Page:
Static Instrumentation for Performant Binary Fuzzing
Computer Science and Engineering
Master of Science
Date of Defense:
March 16, 2020
Patrick Drew Mcdaniel, Thesis Advisor/Co-Advisor Danfeng Zhang, Committee Member Chitaranjan Das, Program Head/Chair
fuzzing security program analysis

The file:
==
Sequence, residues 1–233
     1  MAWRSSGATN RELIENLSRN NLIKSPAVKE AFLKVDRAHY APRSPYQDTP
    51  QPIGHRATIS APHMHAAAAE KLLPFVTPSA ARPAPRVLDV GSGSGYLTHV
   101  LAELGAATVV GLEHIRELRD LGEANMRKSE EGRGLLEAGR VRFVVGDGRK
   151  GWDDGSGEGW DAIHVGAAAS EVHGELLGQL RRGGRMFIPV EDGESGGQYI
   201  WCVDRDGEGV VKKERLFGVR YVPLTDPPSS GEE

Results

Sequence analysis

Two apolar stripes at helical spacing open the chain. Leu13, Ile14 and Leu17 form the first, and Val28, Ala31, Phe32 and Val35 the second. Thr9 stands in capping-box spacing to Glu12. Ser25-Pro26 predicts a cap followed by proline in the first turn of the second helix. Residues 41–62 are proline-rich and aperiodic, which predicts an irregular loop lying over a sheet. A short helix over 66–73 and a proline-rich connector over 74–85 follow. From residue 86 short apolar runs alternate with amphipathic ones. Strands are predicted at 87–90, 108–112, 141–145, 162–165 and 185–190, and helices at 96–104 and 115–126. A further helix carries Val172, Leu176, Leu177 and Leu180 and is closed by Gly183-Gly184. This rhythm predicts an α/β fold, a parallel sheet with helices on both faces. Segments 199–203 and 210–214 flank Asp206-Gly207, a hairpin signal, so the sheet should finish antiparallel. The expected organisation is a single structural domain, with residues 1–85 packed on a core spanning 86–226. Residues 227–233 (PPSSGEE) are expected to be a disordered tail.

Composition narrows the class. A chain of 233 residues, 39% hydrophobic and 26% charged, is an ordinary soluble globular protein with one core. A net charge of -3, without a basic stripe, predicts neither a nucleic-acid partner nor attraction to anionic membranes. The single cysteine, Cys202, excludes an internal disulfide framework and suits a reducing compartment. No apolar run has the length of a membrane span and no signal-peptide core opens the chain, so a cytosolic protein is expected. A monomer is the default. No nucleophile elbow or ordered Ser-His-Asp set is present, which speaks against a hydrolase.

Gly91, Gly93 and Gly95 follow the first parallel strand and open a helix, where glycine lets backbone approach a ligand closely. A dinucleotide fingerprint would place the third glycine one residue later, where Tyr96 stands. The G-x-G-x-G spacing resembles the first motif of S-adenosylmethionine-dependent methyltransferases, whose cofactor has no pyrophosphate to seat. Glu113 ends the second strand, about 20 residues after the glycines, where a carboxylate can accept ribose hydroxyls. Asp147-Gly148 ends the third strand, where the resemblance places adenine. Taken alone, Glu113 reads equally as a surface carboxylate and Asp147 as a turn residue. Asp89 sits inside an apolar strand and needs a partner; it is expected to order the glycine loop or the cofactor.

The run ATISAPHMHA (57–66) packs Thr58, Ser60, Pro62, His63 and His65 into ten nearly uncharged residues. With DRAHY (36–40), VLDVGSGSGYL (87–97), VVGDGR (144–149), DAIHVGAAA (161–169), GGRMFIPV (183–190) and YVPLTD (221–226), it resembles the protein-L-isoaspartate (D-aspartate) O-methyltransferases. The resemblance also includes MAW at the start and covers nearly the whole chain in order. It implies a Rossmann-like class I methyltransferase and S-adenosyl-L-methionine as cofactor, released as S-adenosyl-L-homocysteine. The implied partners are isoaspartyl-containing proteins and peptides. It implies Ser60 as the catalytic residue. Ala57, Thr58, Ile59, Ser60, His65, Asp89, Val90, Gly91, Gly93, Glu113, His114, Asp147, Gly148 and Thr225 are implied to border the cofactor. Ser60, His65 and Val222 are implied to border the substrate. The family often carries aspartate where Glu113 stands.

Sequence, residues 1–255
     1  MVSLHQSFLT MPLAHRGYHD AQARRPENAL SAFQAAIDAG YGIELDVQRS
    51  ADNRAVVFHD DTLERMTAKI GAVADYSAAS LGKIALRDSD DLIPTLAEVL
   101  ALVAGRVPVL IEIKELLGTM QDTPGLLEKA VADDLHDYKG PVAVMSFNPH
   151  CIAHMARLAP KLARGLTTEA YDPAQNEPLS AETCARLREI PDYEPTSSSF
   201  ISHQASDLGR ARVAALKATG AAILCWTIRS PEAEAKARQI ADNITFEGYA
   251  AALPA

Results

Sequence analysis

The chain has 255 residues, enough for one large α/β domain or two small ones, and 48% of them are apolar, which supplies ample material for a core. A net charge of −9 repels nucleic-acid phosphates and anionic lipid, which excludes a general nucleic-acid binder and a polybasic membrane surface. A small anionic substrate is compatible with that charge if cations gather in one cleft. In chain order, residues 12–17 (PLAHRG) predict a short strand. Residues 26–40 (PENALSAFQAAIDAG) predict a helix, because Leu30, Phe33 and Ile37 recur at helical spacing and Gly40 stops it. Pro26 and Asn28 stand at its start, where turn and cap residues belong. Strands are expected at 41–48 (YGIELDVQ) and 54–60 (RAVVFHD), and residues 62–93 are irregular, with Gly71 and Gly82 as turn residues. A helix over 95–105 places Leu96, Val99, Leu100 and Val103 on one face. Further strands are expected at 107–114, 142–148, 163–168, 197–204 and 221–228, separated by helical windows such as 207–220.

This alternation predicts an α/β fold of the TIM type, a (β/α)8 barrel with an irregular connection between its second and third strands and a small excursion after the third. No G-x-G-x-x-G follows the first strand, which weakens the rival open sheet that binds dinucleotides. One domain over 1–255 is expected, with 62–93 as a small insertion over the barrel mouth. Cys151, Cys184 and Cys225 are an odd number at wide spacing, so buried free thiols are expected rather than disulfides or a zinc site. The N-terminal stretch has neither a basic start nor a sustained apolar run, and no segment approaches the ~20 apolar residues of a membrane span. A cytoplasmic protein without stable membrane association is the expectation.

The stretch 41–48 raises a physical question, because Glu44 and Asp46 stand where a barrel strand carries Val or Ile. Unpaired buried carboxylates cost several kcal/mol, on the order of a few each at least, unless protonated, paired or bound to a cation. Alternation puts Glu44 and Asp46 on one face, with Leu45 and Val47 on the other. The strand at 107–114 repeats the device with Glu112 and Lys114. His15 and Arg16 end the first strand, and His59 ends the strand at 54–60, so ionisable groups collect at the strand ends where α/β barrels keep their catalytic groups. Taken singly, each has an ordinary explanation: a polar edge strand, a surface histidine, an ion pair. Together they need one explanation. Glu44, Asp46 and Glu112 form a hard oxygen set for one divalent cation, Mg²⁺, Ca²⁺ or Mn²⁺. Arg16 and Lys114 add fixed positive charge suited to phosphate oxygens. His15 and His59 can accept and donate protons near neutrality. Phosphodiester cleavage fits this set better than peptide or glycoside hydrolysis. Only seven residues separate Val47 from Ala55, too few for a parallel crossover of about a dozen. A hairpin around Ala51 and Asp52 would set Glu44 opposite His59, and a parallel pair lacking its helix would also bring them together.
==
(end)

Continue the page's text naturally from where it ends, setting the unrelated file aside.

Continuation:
Rapid advancements in fuzz testing have achieved the ability to quickly and comprehensively find security-critical faults in software systems. Yet, the most advanced of these techniques rely on access to application source code, which is often unavailable in practice. In this paper, we explore techniques to replicate the depth and efficiency of source-code available fuzzers via static binary instrumentation. Developing such instrumentation is difficult because compilation is a lossy process, and much of the source-level semantics leveraged by these techniques are not available in binaries. We recover much of this information via heuristic control flow reconstruction, a shadow stack for function identification, and a novel technique for instrumenting comparison instructions. We evaluate ReFuzz on the LAVA-M dataset, achieving the same effectiveness as a best-in-class source-available fuzzer with a 3.4× execution time overhead (lower than existing dynamic fuzzing approaches). In this way, we show that techniques for binary fuzzing may approach the functional ability of source-available fuzzing.